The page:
But changing the "alu-tmu ratio" into another direction would mean widening the SIMT width from 16-way to 32-way. And that would increase wavefront size from 64 to 128. And that would mean quite big changes on many things.

You can easily split the wavefront size into half, but not double the size of it.
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Old 14-Jul-2011, 14:54   #41
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I know that HD 5450 it was two times 40/4, this was just an example that in the past AMD has also been experimenting with different sized SIMD/T widths.
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Old 28-Jul-2011, 06:04   #42
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Not sure where to post this, but i was just thinking this today. Would Krishna/Witchita also be VLIW4 like Trinity? It would make more sense than being VLIW5 wouldnt it? My earlier speculation was that it would be a Caicos + 2-4 Bobcat cores like they did for Brazos (Cedar + 2 Bobcat cores). But since they were already developing a VLIW4 architecture for Trinity it would make sense to carry it over to Krishna/Witchita as well. Maybe Krishna could have 128 VLIW4 SP's, 8 TMU's and 4 ROP's
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Old 31-Aug-2011, 00:14   #43
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Not sure where to post this, but i was just thinking this today. Would Krishna/Witchita also be VLIW4 like Trinity? It would make more sense than being VLIW5 wouldnt it? My earlier speculation was that it would be a Caicos + 2-4 Bobcat cores like they did for Brazos (Cedar + 2 Bobcat cores). But since they were already developing a VLIW4 architecture for Trinity it would make sense to carry it over to Krishna/Witchita as well. Maybe Krishna could have 128 VLIW4 SP's, 8 TMU's and 4 ROP's
Hey, news about Trinity from semiaccurate.

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Last is the most interesting, a 50% increase in Gigaflops. The cores, going from stars to dragon, probably keeps the core count the same, but Llano gets the overwhelming majority of its flops from the GPU side. The difference in CPU contributed flops is probably a rounding error for this calculation.

That leaves the GPU. If you notice, the GPU is listed as HD7000, aka Graphics Core Next (GCN), aka Southern Islands. That means going from VLIW5 to scalar + VLIW4, whatever the code word for that is. In any case, going from 80 ‘old’ clusters (400 shaders) to 120 ‘new’ (480) clusters is where the majority of the 50% comes from. Throw in an updated memory controller, tighter integration between the sides, and you have not only more speed, but much more exploitable speed.S|A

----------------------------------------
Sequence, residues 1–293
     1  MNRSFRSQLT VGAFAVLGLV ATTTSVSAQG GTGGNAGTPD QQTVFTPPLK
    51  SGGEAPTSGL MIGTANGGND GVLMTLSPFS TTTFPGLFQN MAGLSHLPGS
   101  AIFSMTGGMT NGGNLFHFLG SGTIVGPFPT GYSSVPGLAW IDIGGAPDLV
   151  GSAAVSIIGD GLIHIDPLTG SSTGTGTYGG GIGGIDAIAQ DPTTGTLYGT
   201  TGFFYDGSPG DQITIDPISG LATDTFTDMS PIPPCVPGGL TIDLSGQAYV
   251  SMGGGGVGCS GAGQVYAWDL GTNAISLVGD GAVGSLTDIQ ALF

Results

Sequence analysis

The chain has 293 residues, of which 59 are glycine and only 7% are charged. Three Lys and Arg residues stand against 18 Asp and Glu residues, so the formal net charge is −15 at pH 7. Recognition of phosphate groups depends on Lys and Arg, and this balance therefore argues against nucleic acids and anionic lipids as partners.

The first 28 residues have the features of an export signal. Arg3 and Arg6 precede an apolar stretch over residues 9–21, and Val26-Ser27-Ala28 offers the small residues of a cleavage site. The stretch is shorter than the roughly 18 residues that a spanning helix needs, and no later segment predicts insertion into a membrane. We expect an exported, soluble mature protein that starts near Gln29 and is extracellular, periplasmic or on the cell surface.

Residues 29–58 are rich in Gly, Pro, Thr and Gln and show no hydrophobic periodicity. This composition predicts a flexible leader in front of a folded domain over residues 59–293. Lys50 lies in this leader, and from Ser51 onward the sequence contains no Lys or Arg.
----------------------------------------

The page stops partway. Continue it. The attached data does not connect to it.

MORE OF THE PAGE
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Old 31-Aug-2011, 00:31   #44
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"scalar + VLIW4" ?

That's wrong regardless of whether he's talking about GCN or VLIW4.
This does not mesh with any rumors or review sites I've seen discussing the GPU for Trinity, some of which stated AMD told them it was VLIW4.
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Old 31-Aug-2011, 00:38   #45
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I wonder if we will get a die shot

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This does not mesh with any rumors or review sites I've seen discussing the GPU for Trinity, some of which stated AMD told them it was VLIW4.
what do we believe the slide(could be fake) or the rumors :P
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Old 31-Aug-2011, 00:51   #46
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"scalar + VLIW4" ?

That's wrong regardless of whether he's talking about GCN or VLIW4.
This does not mesh with any rumors or review sites I've seen discussing the GPU for Trinity, some of which stated AMD told them it was VLIW4.
GCN != scalar + VLIW4.
120 new shaders is not divisible by 64.
GCN barely taped out when they showed a laptop.

The only useful bit is that Trinity will launch right next to IB, possibly even earlier.
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Old 31-Aug-2011, 01:27   #47
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Being HD7000 series in no way implies it must be GCN. Low end Southern Island parts will likely be VLIW-4. The fact that it is "7000" series was pretty much a given from a marketing point, whether it uses all new architecture or not is entirely separate from that fact.
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Old 31-Aug-2011, 01:41   #48
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Good point. I think all that slide means that the GPU in trinity will be marketed as 7xxx class, just like LLano has 6xxx gpu even though it is an evergreen derivative.
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Old 31-Aug-2011, 01:51   #49
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Bingo

http://www.anandtech.com/show/4705/a...-7000-products
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Old 31-Aug-2011, 13:14   #50
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Good point. I think all that slide means that the GPU in trinity will be marketed as 7xxx class, just like LLano has 6xxx gpu even though it is an evergreen derivative.
You could even say 6xxx encompasses four architectures, or at least architecture revisions:

- Evergreen (6750/6770, renamed 57x0)
- Evergreen + UVD3 (Llano)
- Northern Islands VLIW5 / Enhanced Evergreen (Barts, Turks, Caicos)
- 'True' Northern Islands - VLIW4 (Cayman)


So yeah, I agree that HD 7000 for Trinity is just for marketing, APUs will always lag behind discrete GPUs by at least one generation.